An Abundance of Chard (and words)

A few notes on food The post was getting too long so now it is just about chard.  And hopping onto the chard bandwagon.  In the past few days I've seen mentions of chard on Finny Knits and Domicile  – and these blogs are in my non-food folder of Bloglines. Last week, looking around for suggestions on what to do with that bunch of rainbow chard in the fridge, I was directed to this Swiss Chard Tart recipe from Mario Batali.  I was looking for a more substantial (and just different) recipe than my usual Sauteed Tender Greens from The New Best Recipe (served with the grain of the day, perhaps with a side of bean protein of some type).  It was between this recipe and quiche with chard, and I just wasn't feeling like making a pie crust (so lazy) but then I weighed my bunch of chard and discovered it was about 3/4 lb.  Oops.  So I used the Mario Batali recipe as a guide and did the following:

1 bunch swiss chard (about 3/4 lb)
olive oil
1/2 onion
2 cloves garlic
handful fresh flat leaf parsley
2 eggs
1/2 cup finely grated fresh parm
1 square "artisan" roll turned into bread crumbs – a couple big handfuls

Preheat the oven to, um, 350F. I gave the swiss chard a nice cool soak in the clean sink, removing any bits of sandy dirt.  Then I lightly shook the water off the leaves (you want a bit of water clinging*) and set them in a colander and started the chopping process.  I removed the stems and set them aside (no way was I throwing away that pretty color) and cut the leaves into short ribbons.  Then I cut the stems into small pieces and set them aside.  I cut my onion into thin slices and crushed my two cloves of garlic.  I minced the fresh parsley.

I grabbed my big 12" saute pan and threw in a couple tablespoons of olive oil.  I added the swiss chard stems and the onions and cooked until nice and soft.  Then I added the garlic and sauteed until it was fragrant.  At this point I threw in all of my chard leave ribbons and covered the pan.  After a minute or so (sorry don't remember precisely) I stirred the chard and covered it again.  When the chard looked nice and wilted yet still a bright green I tossed the parsley in, stirred then dumped the pan contents back in the colander to drain and cool. In between the onion/chard cooking I was making bread crumbs and grating parmesan and oiling my 9" pie pan.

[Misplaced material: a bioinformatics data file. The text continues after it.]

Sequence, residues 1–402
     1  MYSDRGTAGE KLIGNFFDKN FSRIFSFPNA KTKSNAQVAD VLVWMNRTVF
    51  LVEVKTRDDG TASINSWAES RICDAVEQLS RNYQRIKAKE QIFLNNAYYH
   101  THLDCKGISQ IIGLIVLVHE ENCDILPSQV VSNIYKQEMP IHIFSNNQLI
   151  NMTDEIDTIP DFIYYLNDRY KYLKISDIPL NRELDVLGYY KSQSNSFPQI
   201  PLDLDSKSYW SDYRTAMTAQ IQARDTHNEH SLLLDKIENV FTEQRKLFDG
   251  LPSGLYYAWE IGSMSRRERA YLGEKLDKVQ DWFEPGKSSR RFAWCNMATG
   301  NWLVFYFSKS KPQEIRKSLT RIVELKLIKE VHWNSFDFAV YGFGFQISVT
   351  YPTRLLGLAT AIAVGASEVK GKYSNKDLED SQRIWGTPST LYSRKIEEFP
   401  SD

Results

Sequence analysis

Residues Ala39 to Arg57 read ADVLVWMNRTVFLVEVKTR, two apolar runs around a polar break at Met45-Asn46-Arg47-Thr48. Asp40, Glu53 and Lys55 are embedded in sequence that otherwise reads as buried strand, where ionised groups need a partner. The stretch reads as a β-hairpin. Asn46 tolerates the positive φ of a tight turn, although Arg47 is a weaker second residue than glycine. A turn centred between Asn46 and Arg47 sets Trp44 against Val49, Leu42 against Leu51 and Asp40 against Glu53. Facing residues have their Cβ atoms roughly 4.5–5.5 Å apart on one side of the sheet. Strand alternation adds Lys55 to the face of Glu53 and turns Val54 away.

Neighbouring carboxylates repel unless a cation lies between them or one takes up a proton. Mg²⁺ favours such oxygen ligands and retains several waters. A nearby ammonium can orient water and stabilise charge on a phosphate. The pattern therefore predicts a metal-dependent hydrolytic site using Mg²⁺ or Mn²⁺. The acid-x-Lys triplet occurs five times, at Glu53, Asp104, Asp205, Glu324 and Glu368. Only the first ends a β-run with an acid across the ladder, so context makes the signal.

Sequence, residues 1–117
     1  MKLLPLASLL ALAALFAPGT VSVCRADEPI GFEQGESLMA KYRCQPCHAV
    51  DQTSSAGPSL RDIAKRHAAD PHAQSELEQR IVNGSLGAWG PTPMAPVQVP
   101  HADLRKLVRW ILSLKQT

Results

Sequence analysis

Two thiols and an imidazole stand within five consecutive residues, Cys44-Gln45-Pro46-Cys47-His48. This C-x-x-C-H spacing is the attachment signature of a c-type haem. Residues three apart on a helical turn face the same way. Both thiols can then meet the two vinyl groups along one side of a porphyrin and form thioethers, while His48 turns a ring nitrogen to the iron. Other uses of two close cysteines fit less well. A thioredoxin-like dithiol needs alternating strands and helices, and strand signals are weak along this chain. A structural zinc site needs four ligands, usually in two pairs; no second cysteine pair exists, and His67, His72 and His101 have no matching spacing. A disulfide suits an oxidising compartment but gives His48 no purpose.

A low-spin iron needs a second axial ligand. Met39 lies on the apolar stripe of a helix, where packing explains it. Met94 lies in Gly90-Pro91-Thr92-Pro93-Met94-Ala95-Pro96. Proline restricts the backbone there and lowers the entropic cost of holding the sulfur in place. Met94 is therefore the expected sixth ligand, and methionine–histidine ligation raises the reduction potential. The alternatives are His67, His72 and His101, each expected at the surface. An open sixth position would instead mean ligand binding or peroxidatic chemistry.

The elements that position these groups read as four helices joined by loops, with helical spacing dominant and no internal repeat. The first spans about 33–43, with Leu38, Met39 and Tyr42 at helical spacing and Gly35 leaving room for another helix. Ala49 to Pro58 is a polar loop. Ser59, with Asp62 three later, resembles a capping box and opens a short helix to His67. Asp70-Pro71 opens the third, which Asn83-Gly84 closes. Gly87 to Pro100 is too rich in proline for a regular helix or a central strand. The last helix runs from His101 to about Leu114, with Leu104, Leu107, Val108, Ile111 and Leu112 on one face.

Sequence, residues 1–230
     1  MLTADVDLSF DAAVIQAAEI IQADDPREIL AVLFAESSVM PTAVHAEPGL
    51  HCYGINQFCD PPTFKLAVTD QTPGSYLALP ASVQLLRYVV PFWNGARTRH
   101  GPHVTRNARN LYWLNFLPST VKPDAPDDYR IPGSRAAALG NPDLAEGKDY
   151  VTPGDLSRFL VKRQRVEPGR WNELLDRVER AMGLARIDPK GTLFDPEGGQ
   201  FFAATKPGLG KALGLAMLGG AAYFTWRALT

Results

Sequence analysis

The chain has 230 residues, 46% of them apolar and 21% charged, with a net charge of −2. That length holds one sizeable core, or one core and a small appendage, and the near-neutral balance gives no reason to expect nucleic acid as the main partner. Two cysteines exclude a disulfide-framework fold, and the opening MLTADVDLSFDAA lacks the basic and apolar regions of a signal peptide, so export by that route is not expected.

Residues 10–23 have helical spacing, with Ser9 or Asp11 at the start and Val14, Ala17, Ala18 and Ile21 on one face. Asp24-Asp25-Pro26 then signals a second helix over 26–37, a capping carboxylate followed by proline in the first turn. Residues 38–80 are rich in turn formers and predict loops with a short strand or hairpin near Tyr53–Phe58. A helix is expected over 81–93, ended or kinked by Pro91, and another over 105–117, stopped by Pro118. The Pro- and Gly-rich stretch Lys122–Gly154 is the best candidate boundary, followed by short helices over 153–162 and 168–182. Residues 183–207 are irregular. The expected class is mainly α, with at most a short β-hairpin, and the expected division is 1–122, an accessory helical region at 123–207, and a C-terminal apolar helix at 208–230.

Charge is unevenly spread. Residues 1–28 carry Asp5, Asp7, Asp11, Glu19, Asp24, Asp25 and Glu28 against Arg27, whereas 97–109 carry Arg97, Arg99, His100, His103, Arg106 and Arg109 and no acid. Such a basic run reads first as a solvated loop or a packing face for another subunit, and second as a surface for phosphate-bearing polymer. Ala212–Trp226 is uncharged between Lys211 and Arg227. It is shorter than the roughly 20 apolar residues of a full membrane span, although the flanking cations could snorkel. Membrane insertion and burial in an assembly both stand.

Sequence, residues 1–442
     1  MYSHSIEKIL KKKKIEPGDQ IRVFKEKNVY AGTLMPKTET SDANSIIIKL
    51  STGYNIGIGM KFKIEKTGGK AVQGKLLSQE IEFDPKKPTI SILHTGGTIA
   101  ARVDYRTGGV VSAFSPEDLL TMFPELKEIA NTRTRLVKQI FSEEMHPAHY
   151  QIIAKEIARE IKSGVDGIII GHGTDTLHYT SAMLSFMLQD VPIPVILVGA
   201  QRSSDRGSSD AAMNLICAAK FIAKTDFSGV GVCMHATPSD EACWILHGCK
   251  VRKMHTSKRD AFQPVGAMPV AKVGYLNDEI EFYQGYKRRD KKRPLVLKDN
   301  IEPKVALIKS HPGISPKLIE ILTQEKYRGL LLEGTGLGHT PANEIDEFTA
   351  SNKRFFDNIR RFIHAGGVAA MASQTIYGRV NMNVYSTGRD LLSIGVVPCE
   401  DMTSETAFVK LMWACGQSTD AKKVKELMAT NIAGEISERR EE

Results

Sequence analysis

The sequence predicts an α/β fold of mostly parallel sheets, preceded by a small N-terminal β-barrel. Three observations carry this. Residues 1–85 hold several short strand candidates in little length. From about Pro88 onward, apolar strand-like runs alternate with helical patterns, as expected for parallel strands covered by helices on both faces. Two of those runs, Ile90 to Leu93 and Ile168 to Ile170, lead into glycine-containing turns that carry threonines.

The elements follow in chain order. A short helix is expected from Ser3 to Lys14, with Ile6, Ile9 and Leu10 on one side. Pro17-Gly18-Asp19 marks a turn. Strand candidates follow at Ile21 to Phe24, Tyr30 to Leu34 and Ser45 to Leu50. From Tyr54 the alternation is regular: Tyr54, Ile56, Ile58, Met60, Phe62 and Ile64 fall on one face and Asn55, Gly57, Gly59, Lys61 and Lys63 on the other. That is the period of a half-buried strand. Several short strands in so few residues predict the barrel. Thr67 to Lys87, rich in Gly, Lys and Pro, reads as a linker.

I cracked two eggs in a bowl and beat them, adding some salt and pepper as well as a couple tablespoons of the parmesan.  Then I sprinkled a good handful of breadcrumbs (perhaps up to 1/2 cup) in the oiled pie pan.  I also stirred the veggies to help drain and make sure it was cool.  Once I was satisfied the veggies were cool enough to not cook the eggs I dumped them into the eggs, gave it a good mix  cover the veggies in egg and dumped it all in the pie pan.  I smoothed the top, sprinkled with another handful of bread crumbs and then parmesan.  I popped it in the oven for about 30 minutes (until it looked golden and like the eggs were cooked in the middle).

Wow.  Typing this all out it sounds horribly complicated but I swear it wasn't.  Though it did make a few more dirty dishes than I prefer.  Anyways it was quite yummy and not very eggy at all (when I started I wondered how it was different from quiche, but it turns out the eggs just coated the veggies as opposed to the mostly custard with some veggies of quiche).

*While the recipe above instructs you to boil the chard for like 10 minutes, according to TNBR swiss chard is a green that does not require blanching before the final cooking.  They say that the water clinging to the leaves will provide enough moisture for wilting (along with the oil in the pan).

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June 2, 2008. Tags: , . Thoughts.

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